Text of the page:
By Mark Cathcart
A discussion about dealing with events, challenges, unexpected problems, and most importantly, those challenges life throws at you during the race season.
When I first agreed the schedule of articles with Dana for my 303 Column, Face your fears seemed like a good end of season challenge, little did I know what challenges would lay ahead of me.
In terms of fears, no matter what you are afraid of, someone else is probably more afraid but will get over it. That’s what makes a champion, looking fear in the “eyes” and fbeating it. That’s your challenge, take something triathlon or sport related that is really different, something you didn’t think you could do, something you were afraid of and do it!
For me this year it will be very different, after 18-years of triathlon, I’m planning to make the start line at the Without Limits Oktoberfest Triathlon. Last time I was at the Union Reservoir for the Outdoor Divas triathlon, to support my partner Kate in her race, I had a full-blown heart attack and was taken away post-race in an Ambulance (3).
I’ve seen people take on and achieve much bigger challenges. A club colleague of mine in the UK, was training for Team GB, when she was hit and paralyzed from the waist down. Just a year later, Paula Craig was the first Team GB Para-triathlete at the ITU Worlds in Cancun in 2002. You don’t have to look far to see incredible stories. I was amazed to see the progress that BBSC Endurance Sports Craig Towler had already made after losing both his legs after being hit by a driver while out training. (1).
I’ve stood at the start line for many races, both open water, with high waves, and frenetic pool based triathlons and heard people expressing grave concerns about their ability to start, much less finish.
To this day I can remember a race in the UK in 2006, pool swim, all the competitors lined up down the side of the pool waiting for the start. The pool was crazy, arms thrashing everywhere, there were as many as 6-people per lane, the noise was crazy, there were almost waves as the water crashed against the sides.
The guy next to me was, like me, 6ft tall, and he was having serious doubts about the swim. I told him it would be fine. He wasn’t convinced. I pointed out that while racking my bike I’d spotted a prosthetic arm in transition. He looked puzzled. We scanned the line of swimmers and couldn’t see the “owner”. It turned out to be the first ever triathlon for Claire Cunningham (nee Bishop). Claire is a medal winning and Champion paratriathlete for Team GB now and just 5’6” tall.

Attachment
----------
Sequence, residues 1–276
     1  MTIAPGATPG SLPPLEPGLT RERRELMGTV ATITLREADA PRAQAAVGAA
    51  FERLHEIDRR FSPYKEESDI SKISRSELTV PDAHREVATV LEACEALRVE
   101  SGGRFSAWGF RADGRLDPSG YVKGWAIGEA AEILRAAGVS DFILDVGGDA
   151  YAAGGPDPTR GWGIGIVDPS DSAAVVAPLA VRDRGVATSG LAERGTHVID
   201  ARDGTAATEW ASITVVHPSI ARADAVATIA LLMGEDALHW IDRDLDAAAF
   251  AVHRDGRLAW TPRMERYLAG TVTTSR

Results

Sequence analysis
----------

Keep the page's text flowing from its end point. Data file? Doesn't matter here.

How must Claire have felt that day?
There is nothing special about these athletes. They don’t have a superpower, they take the challenges and setbacks and find a way of getting past them.
Most of us don’t face triathlon with anything like those challenges. Whatever you decide to do over the next few months, tackle something that challenges you, something that proves you are still alive. No matter if that is taking on a greater distance than you thought possible; going faster and placing higher than you think you can; getting out and becoming the hill climber; the cyclocross athlete and more.
Each of these “fears” can be broken down and divided into constituent parts; each of those parts you can find a way to address. As Claire says on her website “Nothing is impossible, you can find a way”. (*2) Create goals for each part, after you’ve achieved those goals, start combining the parts and setting new goals.
Look for help from coaches, books and videos. With not much of a racing season left, why not pick a fear and set about facing it before next season?
Me, I’ll be working the mount/dismount line for the upcoming 5430 Harvest Moon race, and then I’ll be doing everything I can to start, and finish the Oktoberfest triathlon in a few weeks.
I can’t thank Gaby and the EMT’s at Rapid Response Paramedic Services, the Mountain View Fire emergency crew, especially Carlos who, coincidentally volunteered with me at Ironman Bouler 2016; Dr Paik and everyone at Longmont Unit Hospital enough. Really!
Mark Cathcart took up triathlon in the late 90’s to get fit for adventure racing, which to this day he has never done, and has since taken part in 170+ events. His pragmatic approach to training, racing, and life have lead in from being the Chairman of one of the bigger UK Triathlon clubs 15-years ago; British Triathlon volunteer of the year; a sometime race organizer; The organizer and ride leader for Austin Texas award winning Jack and Adams triathlon shop; doing sometime Sports Management for development and professional triathletes; he has attended all the Triathlon Business International, and Triathlon America conferences, where he usually asks the questions others won’t; moved to Colorado in 2016 and is a co-owner of Boulder Bodyworker